Wednesday, October 31, 2012

Book Review: Cold Light by Jenn Ashworth

Reader Friends, today I am sick.  Not sick enough to stay home from work in bed, just sick enough to be miserable.  Because of my misery and cold-induced brain fog, I'm not even going to try to come up with an original summary for this.  Here's what Goodreads has to say (you can read what I thought below the summary):

I'm sitting on my couch, watching the local news. There's Chloe's parents, the mayor, the hangers on, all grouped round the pond for the ceremony. It's ten years since Chloe and Carl drowned, and they've finally chosen a memorial-a stupid summerhouse. The mayor has a spade decked out in pink and white ribbon, and he's started to dig.

You can tell from their faces that something has gone wrong. But I'm the one who knows straightaway that the mayor has found a body. And I know who it is.

This is the tale of two fourteen-year-old girls, best friends, and one terrible summer when lies, secrets, jealousy, and perversion ended in tragedy more tangled and evil than a tight-knit community can possibly believe.

A dark tale with a surreal edge, Jenn Ashworth's gripping novel captures the intensity of girls' friendships and the dangers of a predatory adult world they are just grown up enough to think they can handle. And it shows just how far that world will go, sacrificing truth in the name of innocence.


Writing
Honestly I was just not a fan.  The author jumps back and forth between the present (what Lola, our narrator, is doing with her life after Chloe's death) and the past (the terribly twisted relationship between Chloe, Lola, and a third friend, Emma).  While I appreciate this device in many books, this particular book is hard to follow.  There isn't a good indication of when we have moved to Lola's past and when we are in Lola's present.  As I read, I found myself constantly confused about what point in Lola's history I was supposed to be in.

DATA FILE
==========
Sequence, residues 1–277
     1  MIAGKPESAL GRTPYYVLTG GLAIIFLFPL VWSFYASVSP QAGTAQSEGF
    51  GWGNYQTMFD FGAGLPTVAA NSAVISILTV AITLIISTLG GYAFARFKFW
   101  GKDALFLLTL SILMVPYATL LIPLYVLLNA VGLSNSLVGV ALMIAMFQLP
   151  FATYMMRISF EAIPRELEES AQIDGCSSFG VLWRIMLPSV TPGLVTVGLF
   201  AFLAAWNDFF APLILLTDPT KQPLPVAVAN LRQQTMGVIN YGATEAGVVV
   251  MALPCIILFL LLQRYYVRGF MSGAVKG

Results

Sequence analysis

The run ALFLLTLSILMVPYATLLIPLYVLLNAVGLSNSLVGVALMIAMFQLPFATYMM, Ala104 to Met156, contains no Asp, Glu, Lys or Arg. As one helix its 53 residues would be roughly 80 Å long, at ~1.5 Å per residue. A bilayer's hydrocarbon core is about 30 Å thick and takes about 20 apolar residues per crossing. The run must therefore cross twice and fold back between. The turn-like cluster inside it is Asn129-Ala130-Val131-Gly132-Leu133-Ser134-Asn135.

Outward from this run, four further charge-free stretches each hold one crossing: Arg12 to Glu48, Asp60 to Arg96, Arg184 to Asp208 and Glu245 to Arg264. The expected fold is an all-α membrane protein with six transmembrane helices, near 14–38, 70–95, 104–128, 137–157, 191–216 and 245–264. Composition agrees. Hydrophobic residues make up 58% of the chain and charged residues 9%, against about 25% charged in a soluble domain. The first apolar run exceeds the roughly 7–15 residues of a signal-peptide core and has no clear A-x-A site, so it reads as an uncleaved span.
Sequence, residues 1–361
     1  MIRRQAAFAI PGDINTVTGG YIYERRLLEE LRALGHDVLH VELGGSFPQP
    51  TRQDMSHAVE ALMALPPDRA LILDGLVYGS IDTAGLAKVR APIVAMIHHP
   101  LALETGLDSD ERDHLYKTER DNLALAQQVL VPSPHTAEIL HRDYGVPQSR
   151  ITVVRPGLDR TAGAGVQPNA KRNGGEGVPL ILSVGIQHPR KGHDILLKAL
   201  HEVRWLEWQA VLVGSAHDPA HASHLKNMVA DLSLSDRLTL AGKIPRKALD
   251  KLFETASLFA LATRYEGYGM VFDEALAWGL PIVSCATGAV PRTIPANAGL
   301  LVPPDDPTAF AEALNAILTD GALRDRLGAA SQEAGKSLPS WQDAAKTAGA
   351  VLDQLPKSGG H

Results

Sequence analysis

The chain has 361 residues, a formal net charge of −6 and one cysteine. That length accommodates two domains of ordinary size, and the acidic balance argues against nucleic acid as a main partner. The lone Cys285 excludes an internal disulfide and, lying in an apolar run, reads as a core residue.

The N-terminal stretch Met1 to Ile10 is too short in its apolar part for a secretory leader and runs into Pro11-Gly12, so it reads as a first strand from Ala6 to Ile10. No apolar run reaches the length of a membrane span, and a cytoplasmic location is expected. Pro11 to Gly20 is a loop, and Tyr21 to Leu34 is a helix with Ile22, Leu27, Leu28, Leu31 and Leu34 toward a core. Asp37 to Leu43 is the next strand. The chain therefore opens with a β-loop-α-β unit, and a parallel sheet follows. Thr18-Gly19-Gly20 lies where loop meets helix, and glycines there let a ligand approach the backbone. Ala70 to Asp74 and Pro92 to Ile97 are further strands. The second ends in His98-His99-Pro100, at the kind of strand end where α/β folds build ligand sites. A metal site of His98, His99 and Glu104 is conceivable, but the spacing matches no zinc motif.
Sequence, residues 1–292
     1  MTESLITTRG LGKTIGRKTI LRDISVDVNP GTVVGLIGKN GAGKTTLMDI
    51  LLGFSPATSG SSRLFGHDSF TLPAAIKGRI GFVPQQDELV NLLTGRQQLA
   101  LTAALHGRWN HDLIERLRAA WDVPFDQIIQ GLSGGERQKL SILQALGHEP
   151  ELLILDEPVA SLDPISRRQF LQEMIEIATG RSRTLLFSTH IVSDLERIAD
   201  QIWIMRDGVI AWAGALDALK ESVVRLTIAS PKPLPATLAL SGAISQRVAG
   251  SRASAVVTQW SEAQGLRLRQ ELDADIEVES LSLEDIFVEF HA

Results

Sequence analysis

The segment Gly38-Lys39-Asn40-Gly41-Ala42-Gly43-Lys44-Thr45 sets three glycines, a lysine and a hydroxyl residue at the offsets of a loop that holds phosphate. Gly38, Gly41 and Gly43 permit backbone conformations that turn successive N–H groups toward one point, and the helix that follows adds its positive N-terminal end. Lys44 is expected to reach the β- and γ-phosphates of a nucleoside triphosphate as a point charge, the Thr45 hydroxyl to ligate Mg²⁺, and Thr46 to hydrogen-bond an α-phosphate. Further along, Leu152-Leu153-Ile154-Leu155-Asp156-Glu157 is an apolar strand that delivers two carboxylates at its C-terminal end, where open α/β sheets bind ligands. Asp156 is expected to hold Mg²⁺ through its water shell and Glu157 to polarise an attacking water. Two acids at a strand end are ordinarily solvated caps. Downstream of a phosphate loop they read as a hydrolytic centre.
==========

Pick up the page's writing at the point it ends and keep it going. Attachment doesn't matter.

The characters present my other main issue with the writing.  I hated them all.  And this isn't always a problem for me.  I can actually really enjoy a good character who has no redeeming qualities (see Giliian Flynn's books or Dare Me, which I'll be reviewing soon).  But I do need characters to interest me.  I don't have to like them or like anything they do, but I have to want to know about them and be curious about what their motivations are.  I didn't have that interest in any of these characters.  Not only were they annoying and unlikable, they weren't even interestingly annoying or unlikable.  They were such generic bratty teens, with generic uninvolved parents, and a generic jerk boyfriend.  If you're going to go with dark and unlikable, make it interesting and unique.  This wasn't.

Entertainment Value
It crosses over with the characterization I mentioned under the writing section of my review.  Didn't like or care about the characters.  It also starts off so slowly and the lack of distinction between time periods made it even more difficult to read.  I hate to say it, but in the end this one felt like a chore.  I've been really enjoying some darker reads this fall, so I was excited to hear this one described as such, but this book just didn't live up to that for me.

I do want to think TLC for the opportunity to read the book!  Click here to see the rest of the tour stops!

1 comment:

  1. Sorry this one wasn't your cup of tea. I appreciate your sharing your thoughts as part of the tour!

    ReplyDelete